"An entire industry has been built over the last decade on the premise that documentary films are particularly useful tools at sparking change in beliefs and actions. It is time those in the documentary film community concerned with social change move beyond using film to simply build empathy, and instead think about how film can serve the harder, messier, but ultimately more transformational work of building solidarity.
When we use film to build empathy for marginalized groups, we normalize whiteness by confirming the notion that whiteness is the lens through which others are viewed, understood and judged. And while a change in perception is important, and, certainly the first step towards behavioral change, the overemphasis on attitudinal change towards individuals leaves less room for films that push audiences to grapple with the structures and systems that reinforce inequality.
The empathy frame also distracts us from more strategic uses of film: to validate and empower those who rarely see their experience on screen, to convene disconnected people and movements, and to build alliances and power. The power when we — the marginalized 'others' — use film to speak to our own communities or across identity and issue silos to build common ground and strategize solutions."
"Sympathy is often not enough. It can be condescending. But taking on the identity of others, appropriating what is theirs, is invasive and frequently violent. I have heard appropriation defended on the grounds that we have a responsibility to tell one another’s stories and must be free to do so. This is a seductive but flawed argument. The responsibility toward other people’s stories is real and inescapable, but that doesn’t mean that appropriation is the way to satisfy that responsibility. In fact, the opposite is true: Telling the stories in which we are complicit outsiders has to be done with imagination and skepticism. It might require us not to give up our freedom, but to prioritize justice over freedom. It is not about taking something that belongs to someone else and making it serve you but rather about recognizing that history is brutal and unfinished and finding some way, within that recognition, to serve the dispossessed.
Capturing how things look fools us into thinking that we’ve captured their truth. But appearance is bare fact. Combined with intuition, scrupulous context and moral intelligence, it has a chance to become truth. Unalloyed, it is worse than nothing."
“It’s not a problem being White, don’t ever mistake me for saying that, but it is a problem when the locus of control is so unified and so unified across racial lines.
It’s not that we’re not making good films; it’s not that we’re not good people; and it’s not that we are racist, but the structure of racism remains. It remains in filmmaking. And it remains in funding and it remains in crewing. I mean, what’s the likelihood of an all Black crew funded by a Black organization, knocking on a door in a White community to make a film about their struggles? A friend of mine says if you’re not at the table you’re on the menu. Who’s at the table with you and who’s on your menu?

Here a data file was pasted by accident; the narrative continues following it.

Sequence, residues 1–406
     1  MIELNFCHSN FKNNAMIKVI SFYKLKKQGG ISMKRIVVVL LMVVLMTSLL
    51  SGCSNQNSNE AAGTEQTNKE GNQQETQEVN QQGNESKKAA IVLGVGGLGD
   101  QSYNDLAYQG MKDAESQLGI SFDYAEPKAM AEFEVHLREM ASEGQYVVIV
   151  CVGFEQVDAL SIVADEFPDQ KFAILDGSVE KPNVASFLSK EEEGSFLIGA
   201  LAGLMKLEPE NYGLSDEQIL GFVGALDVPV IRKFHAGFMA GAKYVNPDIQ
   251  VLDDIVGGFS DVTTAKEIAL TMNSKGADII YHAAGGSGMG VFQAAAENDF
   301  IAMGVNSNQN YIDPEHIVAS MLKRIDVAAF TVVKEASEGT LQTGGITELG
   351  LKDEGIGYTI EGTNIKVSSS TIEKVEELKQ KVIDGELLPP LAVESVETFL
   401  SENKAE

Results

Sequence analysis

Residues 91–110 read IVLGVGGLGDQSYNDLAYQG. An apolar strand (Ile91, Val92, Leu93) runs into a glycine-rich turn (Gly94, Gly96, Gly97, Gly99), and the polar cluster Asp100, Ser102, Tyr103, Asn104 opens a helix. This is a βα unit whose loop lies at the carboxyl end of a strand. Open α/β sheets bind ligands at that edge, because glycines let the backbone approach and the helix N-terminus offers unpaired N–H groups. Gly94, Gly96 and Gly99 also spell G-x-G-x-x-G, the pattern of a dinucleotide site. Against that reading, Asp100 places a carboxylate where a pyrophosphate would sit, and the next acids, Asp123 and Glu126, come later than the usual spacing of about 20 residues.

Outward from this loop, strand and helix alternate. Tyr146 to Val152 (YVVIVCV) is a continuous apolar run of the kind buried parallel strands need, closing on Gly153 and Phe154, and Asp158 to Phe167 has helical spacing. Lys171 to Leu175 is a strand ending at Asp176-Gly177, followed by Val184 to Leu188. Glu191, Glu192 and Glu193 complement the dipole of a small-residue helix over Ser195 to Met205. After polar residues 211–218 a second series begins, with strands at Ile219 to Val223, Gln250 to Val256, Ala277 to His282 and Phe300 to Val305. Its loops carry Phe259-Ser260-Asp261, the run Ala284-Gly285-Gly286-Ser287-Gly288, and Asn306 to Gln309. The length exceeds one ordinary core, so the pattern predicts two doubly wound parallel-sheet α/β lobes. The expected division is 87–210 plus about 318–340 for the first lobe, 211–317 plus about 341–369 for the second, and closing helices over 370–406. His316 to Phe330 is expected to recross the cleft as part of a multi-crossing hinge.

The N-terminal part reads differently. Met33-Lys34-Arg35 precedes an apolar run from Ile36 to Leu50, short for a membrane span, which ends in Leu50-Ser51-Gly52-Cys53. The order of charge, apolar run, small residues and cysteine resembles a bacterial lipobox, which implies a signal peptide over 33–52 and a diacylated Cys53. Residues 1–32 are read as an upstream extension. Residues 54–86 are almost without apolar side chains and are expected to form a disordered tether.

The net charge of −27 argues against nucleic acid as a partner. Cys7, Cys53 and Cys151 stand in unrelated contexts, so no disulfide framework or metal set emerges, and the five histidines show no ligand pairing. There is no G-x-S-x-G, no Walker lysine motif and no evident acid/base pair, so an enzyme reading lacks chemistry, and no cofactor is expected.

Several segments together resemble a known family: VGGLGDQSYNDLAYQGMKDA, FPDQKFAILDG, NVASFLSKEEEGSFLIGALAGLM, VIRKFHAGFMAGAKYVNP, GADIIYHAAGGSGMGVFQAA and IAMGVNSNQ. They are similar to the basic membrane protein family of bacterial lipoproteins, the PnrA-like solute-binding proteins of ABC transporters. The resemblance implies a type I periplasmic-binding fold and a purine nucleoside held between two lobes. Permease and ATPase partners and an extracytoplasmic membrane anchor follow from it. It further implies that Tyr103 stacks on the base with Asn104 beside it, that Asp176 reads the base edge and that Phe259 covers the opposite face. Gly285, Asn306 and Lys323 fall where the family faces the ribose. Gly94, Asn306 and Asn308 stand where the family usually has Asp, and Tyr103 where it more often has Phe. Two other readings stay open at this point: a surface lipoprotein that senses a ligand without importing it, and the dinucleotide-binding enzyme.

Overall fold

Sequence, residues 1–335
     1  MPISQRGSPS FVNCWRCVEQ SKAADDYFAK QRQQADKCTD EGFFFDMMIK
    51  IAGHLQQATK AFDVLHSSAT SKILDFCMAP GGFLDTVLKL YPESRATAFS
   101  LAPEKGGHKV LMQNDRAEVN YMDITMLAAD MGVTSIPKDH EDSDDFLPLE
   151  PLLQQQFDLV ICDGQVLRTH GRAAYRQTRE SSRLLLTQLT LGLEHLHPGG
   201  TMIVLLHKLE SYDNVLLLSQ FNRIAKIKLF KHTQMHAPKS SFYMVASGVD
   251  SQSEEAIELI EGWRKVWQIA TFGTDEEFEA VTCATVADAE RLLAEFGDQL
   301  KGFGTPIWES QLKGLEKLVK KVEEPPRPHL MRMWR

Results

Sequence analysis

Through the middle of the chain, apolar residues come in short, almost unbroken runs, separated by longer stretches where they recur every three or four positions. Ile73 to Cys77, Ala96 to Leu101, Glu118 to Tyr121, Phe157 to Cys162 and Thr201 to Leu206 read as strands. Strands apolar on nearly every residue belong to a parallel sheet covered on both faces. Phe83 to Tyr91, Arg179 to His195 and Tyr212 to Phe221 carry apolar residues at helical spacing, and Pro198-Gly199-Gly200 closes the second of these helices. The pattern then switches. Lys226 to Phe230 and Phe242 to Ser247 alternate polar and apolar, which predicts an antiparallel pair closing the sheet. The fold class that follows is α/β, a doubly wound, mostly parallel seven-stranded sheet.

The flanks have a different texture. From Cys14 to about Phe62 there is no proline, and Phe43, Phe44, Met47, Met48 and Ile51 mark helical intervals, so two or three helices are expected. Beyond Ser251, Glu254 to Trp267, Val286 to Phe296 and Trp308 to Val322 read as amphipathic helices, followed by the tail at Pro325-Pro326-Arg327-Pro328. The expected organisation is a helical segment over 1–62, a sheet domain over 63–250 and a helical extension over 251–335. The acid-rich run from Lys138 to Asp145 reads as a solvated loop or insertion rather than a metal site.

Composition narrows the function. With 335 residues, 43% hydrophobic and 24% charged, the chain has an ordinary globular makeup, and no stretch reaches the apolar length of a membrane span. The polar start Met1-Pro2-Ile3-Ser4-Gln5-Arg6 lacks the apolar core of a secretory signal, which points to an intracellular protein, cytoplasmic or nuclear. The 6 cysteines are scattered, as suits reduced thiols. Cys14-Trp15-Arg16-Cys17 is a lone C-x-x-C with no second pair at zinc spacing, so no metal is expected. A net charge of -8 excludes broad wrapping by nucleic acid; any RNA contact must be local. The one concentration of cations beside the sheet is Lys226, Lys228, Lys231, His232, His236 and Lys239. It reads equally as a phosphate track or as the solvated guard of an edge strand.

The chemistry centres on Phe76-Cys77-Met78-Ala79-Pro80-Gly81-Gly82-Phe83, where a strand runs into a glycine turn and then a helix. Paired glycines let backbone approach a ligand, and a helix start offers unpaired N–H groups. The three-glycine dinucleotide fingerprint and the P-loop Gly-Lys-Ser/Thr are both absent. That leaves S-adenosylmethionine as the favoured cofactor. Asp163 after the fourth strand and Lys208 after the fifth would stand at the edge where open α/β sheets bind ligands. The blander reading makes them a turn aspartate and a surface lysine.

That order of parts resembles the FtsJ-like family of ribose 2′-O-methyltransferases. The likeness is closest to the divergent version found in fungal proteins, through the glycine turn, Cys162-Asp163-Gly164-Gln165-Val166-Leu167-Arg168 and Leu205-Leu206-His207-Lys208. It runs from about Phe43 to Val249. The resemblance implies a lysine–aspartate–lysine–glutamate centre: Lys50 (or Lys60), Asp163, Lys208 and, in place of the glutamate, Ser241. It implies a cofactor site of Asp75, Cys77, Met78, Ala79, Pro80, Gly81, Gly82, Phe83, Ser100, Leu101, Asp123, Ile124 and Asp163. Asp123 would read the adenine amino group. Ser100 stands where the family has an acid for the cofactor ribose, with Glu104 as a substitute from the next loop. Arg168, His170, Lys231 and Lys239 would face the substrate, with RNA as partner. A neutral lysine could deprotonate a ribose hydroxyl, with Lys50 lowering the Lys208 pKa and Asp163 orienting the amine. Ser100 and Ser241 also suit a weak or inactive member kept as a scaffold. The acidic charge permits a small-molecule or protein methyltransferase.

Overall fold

Who’s in the room where it happens? Are you in the room where it happens? And that ties in with who’s getting paid to do the work because that getting paid to do the work leads to the experience needed to get the grant, leads to getting the film made, leads to getting the award or the recognition or getting into the festival, leads to getting to the work, right? So it’s a cycle, and if the cycle isn’t disrupted, then things stay.
If you’re in the room, I need you to be the disruptor. I need you to take the risk, and it’s not that I don’t want to talk to you about it, it’s not that I refuse to talk to you about it, it’s not that I refuse to help you. But to some extent, you have to do this … you have to do this. When I walk into this room and get a stomach ache, you’ve got to walk into this room and get a stomach ache. Right? That’s the way it’s going to change."
“It’s so easy to walk into India and build emotionally gutting stories around the images you capture, wherein [the] limited attention of the viewer is actually directed towards the quality of your work. We have a lot of poverty and naked kids and colour, to make an image look beautiful.”
"Searching for stories, we filmmakers depart the comfort of our own world and travel into another—our station in life, ownership of some camera equipment, and a stack of releases serving as currency sufficient enough to step into someone else's town, house or soul. What happens when we swoop into a foreign reality (even one just a train ride away) and bring all our cultural assumptions, value systems and ways of seeing? When witnessing a situation, through whose eyes do we read that situation? To what conclusions do we jump? How does the lens of our unconscious bias inform, bend and determine the stories we tell, and how we tell them?
For decades upon decades, Western filmmakers—almost exclusively white men—traveled to other countries and cultures to extract resources (footage), which they would exploit (edit) for the benefit of their home culture (theaters, film festivals, PBS, etc.). This flow of power, and along with it the control over these stories, historically traveled in one direction—from those without it to those with it.
Hidden away in the rarefied spaces of our edit rooms and rough-cut screenings, we precisely construct these deceptively perfect things we call films. We use our craft to blithely transport viewers through time, space and culture, then return them safely to the comfort of the denouement. Yet out here in the world, things aren't so tidy and neat. Life is messy, out of our control—and, as we doc-makers sometimes allow ourselves to forget, full of real people."
"The dual powers that photojournalists and photo editors have as eyewitnesses and curators of knowledge cannot be overstated."